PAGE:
Income Inequality in Missouri 2000

 

SA-1102-1
by
David J. Peters


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Through the growth in global media, people around the world are becoming more aware of and more vocal about the gap between the rich and the poor. Policy makers, researchers and academics are also increasingly recognizing the links between inequality and other social and economic phenomena. Contrary to popular opinion, high levels of inequality persist in many high income countries today. Even within the United States, there are pockets of both extreme poverty and wealth. Inequality is often studied as part of broader analyses covering poverty, although these concepts are distinct. Inequality is a broader concept than poverty in that it is defined over the whole distribution, not only the censored distribution of individuals or households below a certain poverty line. Incomes at the top and in the middle of the distribution may be just as important to us in perceiving and measuring inequality as those at the bottom, and indeed some measures of inequality are driven largely by incomes in the upper tail. Although both of these capture the whole distribution of a given indicator, inequality is independent of the mean of the distribution and instead is solely concerned with the dispersion of the distribution.

The degree of income inequality across Missouri was measured by the Gini coefficient using 2000 Census data at the tract-level. Household income data for this analysis was extracted from the 2000 U.S. Census Summary File 3, which consists of 813 detailed tables of social, economic and housing characteristics compiled from a sample of approximately 1 in 6 Missouri households that received the Census 2000 long-form questionnaire.

Inequality poverty centers were defined as those areas having inequality/Gini scores that were 1.0 or more standard deviations above the mean and having 50% or more of all households with incomes of $25,000 or less. This indicates a concentration of lower income households in the area.

Poverty centers in south central Missouri were centered around Oregon, Ripley, Shannon and Wayne counties. In addition to being persistently poor, these areas include large tracts of federal land such as Mark Twain National Forest and the Ozark National Scenic Riverways.

Poverty centers in the Missouri Bootheel were centered around Dunklin, Mississippi and Stoddard counties. In addition to being persistently poor, these areas are engaged in large-scale intensive agriculture of cash crops.

Poverty centers in the west central area were centered around the lake recreation counties of Benton, Hickory and St. Clair. These areas are dependent on the amusement and recreation industry associated with Truman Reservoir, Pomme de Terre Lake and the western fork of the Lake of the Ozarks.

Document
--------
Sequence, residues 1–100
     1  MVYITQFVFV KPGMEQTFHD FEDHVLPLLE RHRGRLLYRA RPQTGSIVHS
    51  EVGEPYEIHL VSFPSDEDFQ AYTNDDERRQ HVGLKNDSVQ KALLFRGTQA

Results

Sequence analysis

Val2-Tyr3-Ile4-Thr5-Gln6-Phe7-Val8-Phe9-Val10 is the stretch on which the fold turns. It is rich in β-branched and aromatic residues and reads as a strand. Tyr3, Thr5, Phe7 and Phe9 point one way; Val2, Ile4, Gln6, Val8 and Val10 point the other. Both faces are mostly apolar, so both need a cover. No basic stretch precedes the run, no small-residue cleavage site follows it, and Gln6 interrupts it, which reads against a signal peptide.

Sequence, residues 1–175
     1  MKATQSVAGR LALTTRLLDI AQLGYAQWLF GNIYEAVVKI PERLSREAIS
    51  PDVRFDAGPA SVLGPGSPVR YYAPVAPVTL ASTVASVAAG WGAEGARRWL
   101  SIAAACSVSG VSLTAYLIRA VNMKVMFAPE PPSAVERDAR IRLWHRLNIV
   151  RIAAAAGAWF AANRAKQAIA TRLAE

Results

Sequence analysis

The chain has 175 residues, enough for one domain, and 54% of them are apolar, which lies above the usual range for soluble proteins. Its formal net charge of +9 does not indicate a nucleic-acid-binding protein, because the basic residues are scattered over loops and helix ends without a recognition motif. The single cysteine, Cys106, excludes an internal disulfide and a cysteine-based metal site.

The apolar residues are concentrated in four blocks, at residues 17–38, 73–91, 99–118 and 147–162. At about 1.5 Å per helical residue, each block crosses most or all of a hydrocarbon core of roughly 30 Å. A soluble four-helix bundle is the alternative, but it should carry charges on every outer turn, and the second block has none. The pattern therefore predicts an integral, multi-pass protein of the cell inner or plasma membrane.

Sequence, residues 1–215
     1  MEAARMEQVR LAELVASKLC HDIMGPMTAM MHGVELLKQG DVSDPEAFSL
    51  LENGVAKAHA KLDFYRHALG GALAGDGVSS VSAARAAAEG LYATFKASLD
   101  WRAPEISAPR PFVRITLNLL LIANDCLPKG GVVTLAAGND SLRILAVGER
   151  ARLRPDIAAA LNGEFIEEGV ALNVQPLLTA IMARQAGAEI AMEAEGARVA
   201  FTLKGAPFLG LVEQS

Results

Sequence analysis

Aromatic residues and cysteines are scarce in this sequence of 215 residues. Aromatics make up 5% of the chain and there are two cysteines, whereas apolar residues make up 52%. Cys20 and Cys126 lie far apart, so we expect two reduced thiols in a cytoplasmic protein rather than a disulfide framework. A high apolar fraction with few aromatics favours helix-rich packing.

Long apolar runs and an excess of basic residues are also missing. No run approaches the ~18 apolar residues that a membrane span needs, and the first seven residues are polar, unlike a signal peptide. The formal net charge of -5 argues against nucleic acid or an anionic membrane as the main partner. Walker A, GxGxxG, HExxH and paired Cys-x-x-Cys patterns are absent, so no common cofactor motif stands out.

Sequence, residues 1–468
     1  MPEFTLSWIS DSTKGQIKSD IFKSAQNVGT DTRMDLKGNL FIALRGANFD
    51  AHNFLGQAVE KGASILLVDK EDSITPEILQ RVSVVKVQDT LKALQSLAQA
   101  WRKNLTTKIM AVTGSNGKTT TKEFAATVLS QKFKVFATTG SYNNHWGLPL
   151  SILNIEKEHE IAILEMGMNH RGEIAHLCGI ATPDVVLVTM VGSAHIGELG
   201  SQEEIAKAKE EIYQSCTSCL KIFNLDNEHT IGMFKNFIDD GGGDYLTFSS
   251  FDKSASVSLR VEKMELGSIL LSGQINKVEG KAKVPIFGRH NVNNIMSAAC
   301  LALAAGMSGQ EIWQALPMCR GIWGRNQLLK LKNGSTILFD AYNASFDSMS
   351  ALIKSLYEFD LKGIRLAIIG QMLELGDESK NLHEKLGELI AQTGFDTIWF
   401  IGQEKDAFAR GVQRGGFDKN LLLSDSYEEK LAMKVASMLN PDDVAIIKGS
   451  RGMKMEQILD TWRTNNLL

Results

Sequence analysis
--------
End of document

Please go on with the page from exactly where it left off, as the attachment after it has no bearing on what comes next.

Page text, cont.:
Poverty centers in northern Missouri were concentrated in Adair County north of Kirksville, Macon County south of Macon and south central Putnam County surrounding Unionville.

Poverty centers in the major metropolitan areas were located in the central city areas of Kansas City, St. Louis and Springfield; and to areas to the west and southwest of Columbia.

Inequality wealth centers were defined as those areas having inequality/Gini scores that were 1.0 or more standard deviations above the mean and having 50% or more of all households with incomes of $100,000 or more. This indicates a concentration of higher income households in the area.

Wealth centers in the Kansas City metro were centered around areas of Lee's Summit and Kansas City adjacent to Longview Lake; and in an area of Kansas City directly east of Mission Hills, Kansas.

Wealth centers in St. Louis metro were centered in western St. Louis County, including sections of Wildwood, Chesterfield, Clarkson Valley, Town and Country, Country Life Acres, Westwood, northern Frontenac, Ladue and Warson Woods.

 

Equality centers were defined as areas having inequality/Gini scores that were 1.0 or more standard deviations below the mean. This low inequality, or income equality, indicates that there is little concentration of income in any one category - it is more evenly distributed across categories.

Equality centers in the Kansas City metropolitan area were located in the suburban areas of Clinton, northwest Jackson, Platte and western Ray counties.

Equality centers in the St. Louis metropolitan area were located in suburban areas of eastern and western Franklin, Lincoln, northern and northwestern St. Charles and Warren counties.

Equality centers in the smaller metropolitan areas were located in the outlying areas of the Columbia metro in Boone County; in suburban Springfield in northern and southeastern Greene and northern Christian counties; and in outlying areas of the St. Joseph metro in southern Andrew and south central Buchanan counties.

Equality centers in central Missouri were located in Cole County around Jefferson City, southwestern Callaway County, the northern half of Johnson County around Warrensville, Pulaski County at Fort Leonard Wood and Phelps County southeast of Rolla.

Equality centers in southeastern Missouri along the Mississippi River were located in central Ste. Genevieve County and in an area north of Cape Girardeau.

Income Inequality in Missouri by Census Tract 2000

Income Inequality in the Kansas City Metro Area by Census Tract 2000

Income Inequality in the St. Louis Metro Area by Census Tract 2000



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